Published: 4 July 2020
Authors: Renaud Tamisier, MD, PhD Erika Treptow, MD, PhD Marie Joyeux-Faure, PharmD, PhD Patrick Levy, MD, PhD Marc Sapene, MD Meriem Benmerad, MSc Sebastien Bailly, PharmD, PhD Yves Grillet, MD Bruno Stach, MD Jean-François Muir, MD, PhD Hervé Pegliasco, MD Jean-Louis Pépin, MD, PhD on behalf of theOPTISAS trial Investigators
Source: This abstract has been sourced from NZ Respiratory Research Review Issue 185
One of the major challenges in treating OSA is to achieve adequate CPAP adherence. Telemonitoring has the potential to provide individualized management and early recognition of problems during treatment.
What is the effect of a multimodal telemonitoring intervention on treatment adherence, quality of life, and functional status in symptomatic patients with OSA and low cardiovascular risk?
In a multicenter, randomized controlled trial, patients newly diagnosed with OSA were randomly assigned to multimodal telemonitoring for 6 months vs usual care (UC). Telemonitoring consisted of built-in electronic alert algorithms for early adjustment of CPAP treatment in case of side effects, leaks, or persistent residual events. The primary outcome was CPAP adherence (in hours per night). Secondary outcomes included daily symptoms such as fatigue and sleepiness, and quality of life measured by using self-reported questionnaires.
A total of 206 patients with OSA and a median age of 50.6 years (interquartile range [IQR], 42.1; 58.1 years) were included in the study; they were predominantly male (63%) with a median BMI of 30.6 kg/m2 (IQR, 26.8; 35.1 kg/m2) and a median apnea-hypopnea index of 45.2 events/h (IQR, 34.0; 60.0 events/h). Of these, 102 received UC and 104 received telemonitoring. After 6 months of treatment, CPAP adherence was similar in the two groups when assessed either by mean duration of usage (4.73 ± 2.48 h per night in the telemonitoring group and 5.08 ± 2.44 h per night in the UC group; P = .30) or in percentage of patients adherent to treatment (> 4 h usage per night, > 70% nights; 64% in the telemonitoring group vs 72% in the UC group; P = .24). There was no significant difference between the groups in effect size of improvement in fatigue and sleepiness.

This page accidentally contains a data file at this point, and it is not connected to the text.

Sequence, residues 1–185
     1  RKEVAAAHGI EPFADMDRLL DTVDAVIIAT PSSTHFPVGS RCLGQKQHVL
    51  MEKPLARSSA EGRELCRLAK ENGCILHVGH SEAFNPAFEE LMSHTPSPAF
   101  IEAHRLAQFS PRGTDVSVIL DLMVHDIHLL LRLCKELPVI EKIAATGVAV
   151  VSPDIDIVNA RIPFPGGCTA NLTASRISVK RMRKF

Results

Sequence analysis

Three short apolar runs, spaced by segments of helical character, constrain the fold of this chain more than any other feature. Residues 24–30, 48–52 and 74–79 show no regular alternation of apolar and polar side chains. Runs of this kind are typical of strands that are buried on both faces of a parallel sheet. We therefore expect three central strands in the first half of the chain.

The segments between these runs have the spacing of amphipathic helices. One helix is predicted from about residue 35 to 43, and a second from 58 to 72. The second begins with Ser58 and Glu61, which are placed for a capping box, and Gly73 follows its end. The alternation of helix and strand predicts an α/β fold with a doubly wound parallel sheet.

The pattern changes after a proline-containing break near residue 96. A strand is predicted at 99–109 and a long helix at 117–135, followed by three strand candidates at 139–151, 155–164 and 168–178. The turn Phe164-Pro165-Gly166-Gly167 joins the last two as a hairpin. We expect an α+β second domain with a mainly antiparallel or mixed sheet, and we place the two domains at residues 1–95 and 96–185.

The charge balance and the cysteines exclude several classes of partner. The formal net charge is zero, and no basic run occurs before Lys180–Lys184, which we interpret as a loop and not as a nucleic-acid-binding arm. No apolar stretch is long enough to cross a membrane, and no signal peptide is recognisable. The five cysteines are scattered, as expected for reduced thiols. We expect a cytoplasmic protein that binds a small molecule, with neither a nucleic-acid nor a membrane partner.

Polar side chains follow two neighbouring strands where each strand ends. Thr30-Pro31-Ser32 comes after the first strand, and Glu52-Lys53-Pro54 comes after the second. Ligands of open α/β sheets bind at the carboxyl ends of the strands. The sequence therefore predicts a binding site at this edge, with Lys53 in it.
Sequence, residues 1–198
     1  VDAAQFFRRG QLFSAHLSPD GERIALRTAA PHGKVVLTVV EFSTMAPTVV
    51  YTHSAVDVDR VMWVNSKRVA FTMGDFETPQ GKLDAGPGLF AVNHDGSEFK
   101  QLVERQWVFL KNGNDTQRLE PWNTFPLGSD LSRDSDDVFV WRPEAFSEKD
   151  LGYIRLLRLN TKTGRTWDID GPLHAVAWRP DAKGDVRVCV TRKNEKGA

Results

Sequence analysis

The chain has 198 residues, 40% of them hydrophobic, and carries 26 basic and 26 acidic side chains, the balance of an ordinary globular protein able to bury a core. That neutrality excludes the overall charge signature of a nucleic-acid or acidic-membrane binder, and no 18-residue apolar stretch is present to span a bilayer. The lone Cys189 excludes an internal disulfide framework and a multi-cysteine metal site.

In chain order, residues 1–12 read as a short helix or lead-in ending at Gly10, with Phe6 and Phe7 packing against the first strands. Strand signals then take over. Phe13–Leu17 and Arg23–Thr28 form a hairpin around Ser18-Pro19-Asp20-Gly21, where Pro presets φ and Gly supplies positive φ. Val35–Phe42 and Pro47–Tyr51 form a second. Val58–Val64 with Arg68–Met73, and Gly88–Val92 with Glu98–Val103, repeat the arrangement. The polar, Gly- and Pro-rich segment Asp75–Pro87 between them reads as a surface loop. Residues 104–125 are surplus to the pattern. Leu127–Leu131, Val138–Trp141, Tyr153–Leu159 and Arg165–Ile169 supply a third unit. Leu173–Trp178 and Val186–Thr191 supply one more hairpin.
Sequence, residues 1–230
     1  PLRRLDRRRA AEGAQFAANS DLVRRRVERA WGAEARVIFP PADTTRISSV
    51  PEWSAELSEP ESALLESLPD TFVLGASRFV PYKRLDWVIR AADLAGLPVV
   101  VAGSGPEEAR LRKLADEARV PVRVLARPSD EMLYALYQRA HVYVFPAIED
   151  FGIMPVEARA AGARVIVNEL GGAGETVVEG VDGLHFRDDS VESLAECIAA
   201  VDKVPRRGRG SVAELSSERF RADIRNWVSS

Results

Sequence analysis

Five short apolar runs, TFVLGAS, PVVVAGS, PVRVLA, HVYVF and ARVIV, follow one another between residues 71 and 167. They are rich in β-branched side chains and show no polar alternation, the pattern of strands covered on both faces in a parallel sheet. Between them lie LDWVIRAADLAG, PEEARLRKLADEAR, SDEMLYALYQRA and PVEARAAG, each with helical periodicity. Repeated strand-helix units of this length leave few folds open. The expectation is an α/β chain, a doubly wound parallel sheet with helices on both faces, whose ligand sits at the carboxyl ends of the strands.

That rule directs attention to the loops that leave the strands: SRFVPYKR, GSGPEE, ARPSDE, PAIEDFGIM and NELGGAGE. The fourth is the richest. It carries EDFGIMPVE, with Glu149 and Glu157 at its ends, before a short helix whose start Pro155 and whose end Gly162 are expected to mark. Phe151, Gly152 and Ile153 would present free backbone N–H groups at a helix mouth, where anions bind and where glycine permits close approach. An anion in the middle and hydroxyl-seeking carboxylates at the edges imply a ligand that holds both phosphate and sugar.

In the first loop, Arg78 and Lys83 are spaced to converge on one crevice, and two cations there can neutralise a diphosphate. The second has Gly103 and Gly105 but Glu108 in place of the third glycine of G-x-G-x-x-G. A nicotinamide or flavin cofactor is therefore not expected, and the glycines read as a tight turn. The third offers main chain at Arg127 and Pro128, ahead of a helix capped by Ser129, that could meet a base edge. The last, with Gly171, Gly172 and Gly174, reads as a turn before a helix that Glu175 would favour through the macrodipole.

In patients with severe OSA and low cardiovascular risk, multimodal telemonitoring did not increase CPAP adherence. For both the telemonitoring and UC groups, similar improvements in daytime symptoms were achieved.
Link to abstract